Meet the 2010 Interns
This summer, Wild South has recruited seven college and graduate students to assist us in protecting the biodiversity of the Southeast. In their own words, here are the 2010 Summer Interns…
I’m a junior at Davidson College, where I’m pursuing a double major in Biology and Anthropology. Through my internship this summer with Wild South, I was able to participate in both Cultural Heritage work and Wildlife Protection. In addition to Hellbender surveys and Cultural Heritage interview trips, I also helped with Green Salamander and bat surveys (to monitor the spread of White Nose Syndrome, a fungus currently decimating bat populations).
This summer, I choose to pursue my interest in amphibians by focusing on salamander conservation, especially the Hellbender salamander. In order to get a better perspective on Hellbender conservation plans, I interviewed Cherokee people about local ecological knowledge and stories about Hellbenders. It was really interesting to find out that aquatic salamanders, especially Hellbenders and waterdogs, hold a special place in Cherokee spiritual lore and cosmography. My summer project was a great way to practically apply the theories of ecological anthropology and actively participate in conservation biology efforts. I hope that the results of my study will draw attention to the case of Hellbenders and the importance of local ecological knowledge in conservation biology.
I am a graduate student acquiring a Masters in Environmental Management at Duke University’s Nicholas School of the Environment. My focus is in Ecosystem Science and Conservation, and as one of a handful of students fascinated by wildlife management, I was searching for a position this summer that would foster my professional interests. I was sitting at a table with Ben & Tracy interviewing for the wildlife conservation crew. I remember walking away from that interview feeling this was the organization that could provide me with the wildlife opportunities I was seeking.
While at Wild South I’ve gotten to meet and network with some amazing people in wildlife management, a really important part of the internship. I have also been introduced to a whole new set of field skills. I’ve learned how to mist net for bats, survey rock outcroppings and waterfalls for green salamanders, survey mountain streams and rivers for hellbender salamanders, and use electroshock survey methods for brook trout to name a few. I’ve also been conducting an independent assessment of habitat suitability for mountain lions in the Southern Appalachian region with particular interest of Western North Carolina as part of my Masters Project to be completed next year.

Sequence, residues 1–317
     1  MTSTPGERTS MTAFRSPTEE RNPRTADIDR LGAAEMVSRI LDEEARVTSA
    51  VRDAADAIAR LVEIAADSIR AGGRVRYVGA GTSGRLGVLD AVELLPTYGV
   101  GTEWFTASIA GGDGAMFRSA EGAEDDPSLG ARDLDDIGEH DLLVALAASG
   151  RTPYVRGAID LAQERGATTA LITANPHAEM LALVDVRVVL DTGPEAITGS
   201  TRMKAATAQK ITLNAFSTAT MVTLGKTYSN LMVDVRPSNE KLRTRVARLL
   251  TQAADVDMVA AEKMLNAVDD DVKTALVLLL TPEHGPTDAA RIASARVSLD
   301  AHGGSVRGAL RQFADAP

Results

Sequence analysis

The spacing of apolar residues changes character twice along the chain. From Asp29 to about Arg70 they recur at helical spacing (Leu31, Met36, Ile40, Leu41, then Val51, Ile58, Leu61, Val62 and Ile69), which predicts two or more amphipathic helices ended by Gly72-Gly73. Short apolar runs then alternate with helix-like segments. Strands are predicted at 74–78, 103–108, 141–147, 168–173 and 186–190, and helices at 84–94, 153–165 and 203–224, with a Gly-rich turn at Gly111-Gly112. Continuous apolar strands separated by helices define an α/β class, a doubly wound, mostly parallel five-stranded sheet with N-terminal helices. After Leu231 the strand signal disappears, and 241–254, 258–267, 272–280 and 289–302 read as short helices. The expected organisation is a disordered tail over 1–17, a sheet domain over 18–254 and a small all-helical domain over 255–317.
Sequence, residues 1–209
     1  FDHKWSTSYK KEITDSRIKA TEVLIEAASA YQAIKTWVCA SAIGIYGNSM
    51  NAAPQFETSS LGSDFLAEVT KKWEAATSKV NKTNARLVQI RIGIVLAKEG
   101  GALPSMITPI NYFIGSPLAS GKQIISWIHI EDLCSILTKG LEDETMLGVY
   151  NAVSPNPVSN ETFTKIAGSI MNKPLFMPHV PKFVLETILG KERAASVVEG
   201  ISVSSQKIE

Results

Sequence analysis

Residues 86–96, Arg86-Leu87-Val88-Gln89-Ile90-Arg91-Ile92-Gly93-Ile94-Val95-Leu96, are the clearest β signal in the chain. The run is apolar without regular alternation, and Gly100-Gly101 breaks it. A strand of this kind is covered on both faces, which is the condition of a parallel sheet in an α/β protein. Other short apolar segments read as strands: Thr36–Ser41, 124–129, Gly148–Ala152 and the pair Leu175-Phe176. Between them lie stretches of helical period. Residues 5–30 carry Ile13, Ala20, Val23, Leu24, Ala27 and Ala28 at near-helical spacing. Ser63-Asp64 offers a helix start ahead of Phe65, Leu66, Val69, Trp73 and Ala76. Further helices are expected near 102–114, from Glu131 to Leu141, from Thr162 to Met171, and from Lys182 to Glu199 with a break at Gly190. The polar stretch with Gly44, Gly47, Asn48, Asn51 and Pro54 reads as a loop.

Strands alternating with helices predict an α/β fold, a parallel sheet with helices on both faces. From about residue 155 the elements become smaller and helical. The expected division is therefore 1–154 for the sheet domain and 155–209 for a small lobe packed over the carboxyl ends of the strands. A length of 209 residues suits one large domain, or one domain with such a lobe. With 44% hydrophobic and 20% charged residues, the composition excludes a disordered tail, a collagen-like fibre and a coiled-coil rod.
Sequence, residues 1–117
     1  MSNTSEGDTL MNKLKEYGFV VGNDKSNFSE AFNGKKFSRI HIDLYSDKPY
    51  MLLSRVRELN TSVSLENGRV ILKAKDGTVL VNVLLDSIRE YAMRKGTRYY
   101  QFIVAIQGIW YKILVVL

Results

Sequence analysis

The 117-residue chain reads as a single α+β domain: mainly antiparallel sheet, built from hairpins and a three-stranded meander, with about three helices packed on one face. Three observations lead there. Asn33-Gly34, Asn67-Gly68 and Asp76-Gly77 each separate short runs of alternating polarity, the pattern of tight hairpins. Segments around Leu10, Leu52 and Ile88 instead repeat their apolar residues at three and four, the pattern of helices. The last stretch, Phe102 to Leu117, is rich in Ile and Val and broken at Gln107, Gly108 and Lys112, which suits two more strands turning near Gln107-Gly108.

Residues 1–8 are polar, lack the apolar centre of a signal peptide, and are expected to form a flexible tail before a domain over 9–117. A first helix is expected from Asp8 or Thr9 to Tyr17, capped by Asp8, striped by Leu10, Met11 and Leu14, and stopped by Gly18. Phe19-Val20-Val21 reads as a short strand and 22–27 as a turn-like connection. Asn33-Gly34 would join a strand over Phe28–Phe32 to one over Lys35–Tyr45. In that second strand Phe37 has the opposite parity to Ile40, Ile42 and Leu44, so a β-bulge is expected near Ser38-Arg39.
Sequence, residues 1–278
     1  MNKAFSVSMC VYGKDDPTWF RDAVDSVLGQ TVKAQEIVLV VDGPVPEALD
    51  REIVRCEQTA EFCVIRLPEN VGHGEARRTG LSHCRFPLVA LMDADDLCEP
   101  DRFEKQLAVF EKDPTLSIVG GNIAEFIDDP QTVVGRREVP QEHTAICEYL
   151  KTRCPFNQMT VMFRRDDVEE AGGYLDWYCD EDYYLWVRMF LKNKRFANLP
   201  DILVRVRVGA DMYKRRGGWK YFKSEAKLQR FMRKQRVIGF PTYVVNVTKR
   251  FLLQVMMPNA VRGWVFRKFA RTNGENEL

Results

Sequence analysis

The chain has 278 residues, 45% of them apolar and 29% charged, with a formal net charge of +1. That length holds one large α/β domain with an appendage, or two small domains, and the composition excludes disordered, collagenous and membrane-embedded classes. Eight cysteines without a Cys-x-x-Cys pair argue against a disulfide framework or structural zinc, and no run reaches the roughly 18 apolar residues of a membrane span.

Easily the most exhilarating experience of them all was assisting wildlife biologist Rob Gudger as a handler for his 6-month old gray timber wolf during Wild South’s annual fundraiser Mountain Wildlife Days. This event alone ranks as one of my top experiences this summer. As I continue to complete my degree at Duke’s NSOE I look back on all of the skills I’ve acquired this summer and I know without a doubt that I’ve chosen the right internship to nurture my interests in the field of wildlife management. I am grateful to have been given such an opportunity made available by the Stanback Internship Program at Duke University in addition to both Ben and Tracy who have continued to provide their knowledge, guidance and support in the field of conservation and wildlife management.
My hometown is on Massachusetts’ rocky shore, on an island with an abandoned colonial settlement in the heart of its forests. Growing up, I spent more time exploring that ghost town than I did hanging out in the city’s downtown. My biophilia, idealism, and desire to be stretched led me to Warren Wilson College, where I study environmental science and creative writing. As I wander and wonder through life, I strive to untangle the sordid relationships of exploitation and oppression, and to discover how they can be dismantled. I hope to study ecology in graduate school; I want to approach the natural world with the curiosity of a scientist but to engage it with the reverence of an artist.